David CampbellWhat are your goals for the Adelaide Cabaret Festival over the next three years?
To establish the Adelaide Cabaret Festival as the world’s most prestigious cabaret event.
How difficult is it to get overseas cabaret artists to travel to Australia?
We have been very fortunate this year, but pretty much everyone that we approached to be part of the Festival took us up on the offer. The reputation of the Festival has meant that we have not had a tough time at all in persuading them to make the journey. We have a large number of performers coming over – from New York, Los Angeles, Buenos Aires, Auckland, Paris and Montreal. 
How much content in the Festival is made up of Australian acts?
Roughly about two thirds. We have a combination of the most well known names in Australian cabaret – for example, we have the wonderful Robyn Archer with her latest performance – a guide through French cabaret, as well as some of the newest faces. But in addition to this, we have a number of well-known faces who are taking on cabaret as a new medium through which to perform.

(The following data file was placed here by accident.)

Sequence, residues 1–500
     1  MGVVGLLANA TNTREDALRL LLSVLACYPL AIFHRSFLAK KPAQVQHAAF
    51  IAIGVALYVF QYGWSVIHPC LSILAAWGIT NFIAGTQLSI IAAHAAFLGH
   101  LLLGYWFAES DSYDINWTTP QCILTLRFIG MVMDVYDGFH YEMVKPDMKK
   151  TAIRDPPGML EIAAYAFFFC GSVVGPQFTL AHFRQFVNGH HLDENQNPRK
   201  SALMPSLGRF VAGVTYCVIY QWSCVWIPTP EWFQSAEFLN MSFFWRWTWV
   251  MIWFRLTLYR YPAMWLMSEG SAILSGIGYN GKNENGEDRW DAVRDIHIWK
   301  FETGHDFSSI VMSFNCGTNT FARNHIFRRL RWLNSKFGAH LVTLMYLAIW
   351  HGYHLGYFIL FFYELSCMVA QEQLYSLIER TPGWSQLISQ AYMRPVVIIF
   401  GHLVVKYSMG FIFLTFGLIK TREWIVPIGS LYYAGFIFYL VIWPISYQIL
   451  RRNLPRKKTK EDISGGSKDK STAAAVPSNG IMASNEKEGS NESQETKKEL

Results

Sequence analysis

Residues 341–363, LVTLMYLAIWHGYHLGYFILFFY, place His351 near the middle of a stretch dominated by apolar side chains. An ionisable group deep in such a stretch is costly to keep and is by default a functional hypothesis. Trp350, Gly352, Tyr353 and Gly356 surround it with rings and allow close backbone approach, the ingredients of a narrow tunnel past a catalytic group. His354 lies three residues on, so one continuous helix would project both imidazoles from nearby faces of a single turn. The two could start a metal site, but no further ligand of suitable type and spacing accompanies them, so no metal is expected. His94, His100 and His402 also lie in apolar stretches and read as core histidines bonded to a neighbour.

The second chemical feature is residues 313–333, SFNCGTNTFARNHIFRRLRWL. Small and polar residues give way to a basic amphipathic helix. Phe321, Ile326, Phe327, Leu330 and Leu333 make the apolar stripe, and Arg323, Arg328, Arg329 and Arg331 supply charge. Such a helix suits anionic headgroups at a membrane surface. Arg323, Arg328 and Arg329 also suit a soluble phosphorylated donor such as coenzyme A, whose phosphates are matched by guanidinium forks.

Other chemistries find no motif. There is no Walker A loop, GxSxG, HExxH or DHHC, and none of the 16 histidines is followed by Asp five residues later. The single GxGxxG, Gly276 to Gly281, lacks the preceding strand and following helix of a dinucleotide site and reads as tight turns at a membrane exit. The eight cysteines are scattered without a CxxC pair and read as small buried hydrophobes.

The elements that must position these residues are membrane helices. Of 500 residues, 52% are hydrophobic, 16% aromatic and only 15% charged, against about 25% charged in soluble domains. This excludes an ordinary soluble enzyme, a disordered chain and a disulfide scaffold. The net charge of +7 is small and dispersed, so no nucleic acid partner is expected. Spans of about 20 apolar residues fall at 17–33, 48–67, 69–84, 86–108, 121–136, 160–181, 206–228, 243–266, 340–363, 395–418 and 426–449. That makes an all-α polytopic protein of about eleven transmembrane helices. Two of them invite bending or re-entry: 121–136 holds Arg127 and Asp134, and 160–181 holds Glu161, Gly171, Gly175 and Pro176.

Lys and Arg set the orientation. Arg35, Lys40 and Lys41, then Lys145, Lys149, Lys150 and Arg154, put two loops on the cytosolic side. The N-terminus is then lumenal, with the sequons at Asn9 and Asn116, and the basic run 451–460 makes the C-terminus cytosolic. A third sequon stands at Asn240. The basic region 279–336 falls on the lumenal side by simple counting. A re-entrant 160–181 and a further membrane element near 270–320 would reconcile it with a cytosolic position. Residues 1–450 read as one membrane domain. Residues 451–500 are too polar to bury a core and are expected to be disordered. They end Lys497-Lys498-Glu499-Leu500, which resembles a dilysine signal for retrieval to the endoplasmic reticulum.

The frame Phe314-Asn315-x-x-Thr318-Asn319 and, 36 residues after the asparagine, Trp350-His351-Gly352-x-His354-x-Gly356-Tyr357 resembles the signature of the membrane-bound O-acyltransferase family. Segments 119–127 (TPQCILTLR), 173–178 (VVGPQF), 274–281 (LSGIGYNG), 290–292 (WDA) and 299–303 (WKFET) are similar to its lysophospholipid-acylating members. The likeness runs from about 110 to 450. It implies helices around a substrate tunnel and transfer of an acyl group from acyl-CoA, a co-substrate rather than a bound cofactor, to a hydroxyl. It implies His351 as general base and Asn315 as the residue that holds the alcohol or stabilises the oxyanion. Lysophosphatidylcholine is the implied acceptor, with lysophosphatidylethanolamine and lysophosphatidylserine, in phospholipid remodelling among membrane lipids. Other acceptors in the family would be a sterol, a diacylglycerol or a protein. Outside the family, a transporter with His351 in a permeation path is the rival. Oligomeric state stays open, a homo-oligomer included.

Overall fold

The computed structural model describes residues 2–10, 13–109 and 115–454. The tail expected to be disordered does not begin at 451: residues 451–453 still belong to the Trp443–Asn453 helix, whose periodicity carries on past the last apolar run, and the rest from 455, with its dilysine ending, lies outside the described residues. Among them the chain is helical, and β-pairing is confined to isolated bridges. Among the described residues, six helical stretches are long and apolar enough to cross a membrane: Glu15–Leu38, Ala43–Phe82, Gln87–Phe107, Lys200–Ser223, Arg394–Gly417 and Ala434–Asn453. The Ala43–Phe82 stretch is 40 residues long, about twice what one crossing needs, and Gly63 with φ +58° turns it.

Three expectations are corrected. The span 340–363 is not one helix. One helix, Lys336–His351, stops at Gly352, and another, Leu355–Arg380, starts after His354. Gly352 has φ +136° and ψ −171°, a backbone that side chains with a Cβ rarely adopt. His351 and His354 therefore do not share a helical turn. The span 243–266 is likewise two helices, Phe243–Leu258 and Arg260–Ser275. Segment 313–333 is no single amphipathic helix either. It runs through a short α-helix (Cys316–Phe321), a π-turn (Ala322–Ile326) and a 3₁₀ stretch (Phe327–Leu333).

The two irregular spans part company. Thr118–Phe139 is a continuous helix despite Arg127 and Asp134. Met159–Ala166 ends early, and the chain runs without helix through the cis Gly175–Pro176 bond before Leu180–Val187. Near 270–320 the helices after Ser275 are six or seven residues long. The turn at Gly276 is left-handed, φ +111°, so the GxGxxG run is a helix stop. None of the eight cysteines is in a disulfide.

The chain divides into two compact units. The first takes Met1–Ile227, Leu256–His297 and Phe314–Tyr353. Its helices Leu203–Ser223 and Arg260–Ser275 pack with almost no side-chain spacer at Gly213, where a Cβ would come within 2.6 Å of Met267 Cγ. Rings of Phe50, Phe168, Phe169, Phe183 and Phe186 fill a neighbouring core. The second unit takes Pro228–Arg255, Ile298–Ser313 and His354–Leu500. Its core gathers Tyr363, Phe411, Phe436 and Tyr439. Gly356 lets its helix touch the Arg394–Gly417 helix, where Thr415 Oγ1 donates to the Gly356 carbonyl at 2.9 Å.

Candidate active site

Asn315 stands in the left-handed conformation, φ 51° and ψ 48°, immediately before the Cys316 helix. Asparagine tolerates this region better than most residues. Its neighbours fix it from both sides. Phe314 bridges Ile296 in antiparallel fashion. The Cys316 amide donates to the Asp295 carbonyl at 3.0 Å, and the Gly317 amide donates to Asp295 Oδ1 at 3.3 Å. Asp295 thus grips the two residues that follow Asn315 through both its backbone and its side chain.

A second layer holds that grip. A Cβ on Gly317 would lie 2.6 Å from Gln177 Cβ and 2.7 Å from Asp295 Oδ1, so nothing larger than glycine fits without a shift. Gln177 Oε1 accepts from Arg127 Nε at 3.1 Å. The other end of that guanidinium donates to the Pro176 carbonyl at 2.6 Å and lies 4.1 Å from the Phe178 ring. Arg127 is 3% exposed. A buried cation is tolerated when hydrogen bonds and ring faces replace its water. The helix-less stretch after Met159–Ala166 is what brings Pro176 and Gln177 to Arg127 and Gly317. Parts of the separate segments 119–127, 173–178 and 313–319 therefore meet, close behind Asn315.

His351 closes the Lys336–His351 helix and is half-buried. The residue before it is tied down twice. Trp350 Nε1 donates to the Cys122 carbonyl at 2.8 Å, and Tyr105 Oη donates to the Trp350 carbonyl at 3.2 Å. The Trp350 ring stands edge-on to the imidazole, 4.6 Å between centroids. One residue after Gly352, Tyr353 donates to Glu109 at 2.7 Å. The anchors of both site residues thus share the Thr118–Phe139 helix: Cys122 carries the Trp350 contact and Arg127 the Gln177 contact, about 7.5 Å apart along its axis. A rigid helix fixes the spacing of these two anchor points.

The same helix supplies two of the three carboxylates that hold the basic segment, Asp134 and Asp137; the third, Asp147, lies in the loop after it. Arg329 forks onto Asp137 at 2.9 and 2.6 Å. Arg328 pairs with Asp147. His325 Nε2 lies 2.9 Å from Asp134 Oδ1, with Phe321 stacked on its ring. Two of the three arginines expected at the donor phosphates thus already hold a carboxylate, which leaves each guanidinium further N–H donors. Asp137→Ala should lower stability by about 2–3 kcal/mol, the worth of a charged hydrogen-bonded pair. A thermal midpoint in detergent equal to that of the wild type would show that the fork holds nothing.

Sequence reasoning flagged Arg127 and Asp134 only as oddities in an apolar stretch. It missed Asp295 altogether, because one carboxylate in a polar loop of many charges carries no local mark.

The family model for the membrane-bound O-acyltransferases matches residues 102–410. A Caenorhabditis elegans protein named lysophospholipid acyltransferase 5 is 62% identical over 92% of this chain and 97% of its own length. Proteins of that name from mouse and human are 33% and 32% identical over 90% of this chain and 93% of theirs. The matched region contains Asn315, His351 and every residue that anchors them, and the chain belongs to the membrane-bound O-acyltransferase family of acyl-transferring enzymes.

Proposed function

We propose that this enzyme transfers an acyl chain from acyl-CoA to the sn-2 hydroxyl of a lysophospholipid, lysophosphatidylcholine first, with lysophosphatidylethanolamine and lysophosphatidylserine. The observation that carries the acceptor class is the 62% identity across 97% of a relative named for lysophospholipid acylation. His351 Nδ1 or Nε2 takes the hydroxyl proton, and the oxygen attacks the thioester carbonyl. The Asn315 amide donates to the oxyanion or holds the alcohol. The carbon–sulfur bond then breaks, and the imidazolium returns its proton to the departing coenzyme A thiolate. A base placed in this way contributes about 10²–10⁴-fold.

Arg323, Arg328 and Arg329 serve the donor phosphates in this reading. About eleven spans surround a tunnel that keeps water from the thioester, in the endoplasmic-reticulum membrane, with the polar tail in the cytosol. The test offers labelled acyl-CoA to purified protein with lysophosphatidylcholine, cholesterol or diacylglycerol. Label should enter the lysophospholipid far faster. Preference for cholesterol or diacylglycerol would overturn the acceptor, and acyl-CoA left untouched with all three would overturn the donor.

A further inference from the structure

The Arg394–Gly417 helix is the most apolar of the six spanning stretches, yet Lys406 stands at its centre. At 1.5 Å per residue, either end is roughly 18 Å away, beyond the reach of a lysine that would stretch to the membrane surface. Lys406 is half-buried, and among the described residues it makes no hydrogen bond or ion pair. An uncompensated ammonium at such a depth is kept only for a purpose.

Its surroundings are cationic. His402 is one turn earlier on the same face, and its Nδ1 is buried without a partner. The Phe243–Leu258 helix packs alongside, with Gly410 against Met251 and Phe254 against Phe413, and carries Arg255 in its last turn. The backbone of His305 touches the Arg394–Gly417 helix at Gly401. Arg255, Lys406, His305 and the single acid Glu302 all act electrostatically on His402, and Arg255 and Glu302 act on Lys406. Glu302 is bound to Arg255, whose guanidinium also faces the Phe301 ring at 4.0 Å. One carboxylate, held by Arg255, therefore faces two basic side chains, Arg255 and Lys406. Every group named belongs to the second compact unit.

Tell us about some of the international guests you have invited to Adelaide this year.
Well, the headliner is Bernadette Peters. The day after my tenure was announced last year, my wife Lisa and I sat at home and opened a bottle of champagne. We looked at each other and said ‘Now what?’. Lisa suggested that I email Bernadette’s director, Richard Jay Alexander - a friend of mine from when I lived in the US. I did and put in an offer for Ms Peters to be our first headliner. Thankfully she said yes. I don’t think we could have wished for a better performer.

With regard to other internationals – we have Janet Klein – the ukulele chanteuse, who we discovered at Fuji Rock Festival; Duel – two classical musicians with incredible physical comedy skills; Butterscotch – an extraordinary African American pianist; and beatboxer, John Bucchino – the acclaimed songwriter and many more.

Are there any interactive performances in the Festival?
We have the ever popular Sing Your Own Musical with Michael Morley, a series of kids workshops with Mr Percival – the Sydney based vocalist and with regard to competitions – we have the finest game that I have played in years – BINGAY!  This is bingo hosted by the divine drag queen Mitzi Macintosh and her butch barrel girl Naomi. It is bingo like you have never played it before! All proceeds are going the Bobby Goldsmith Foundation.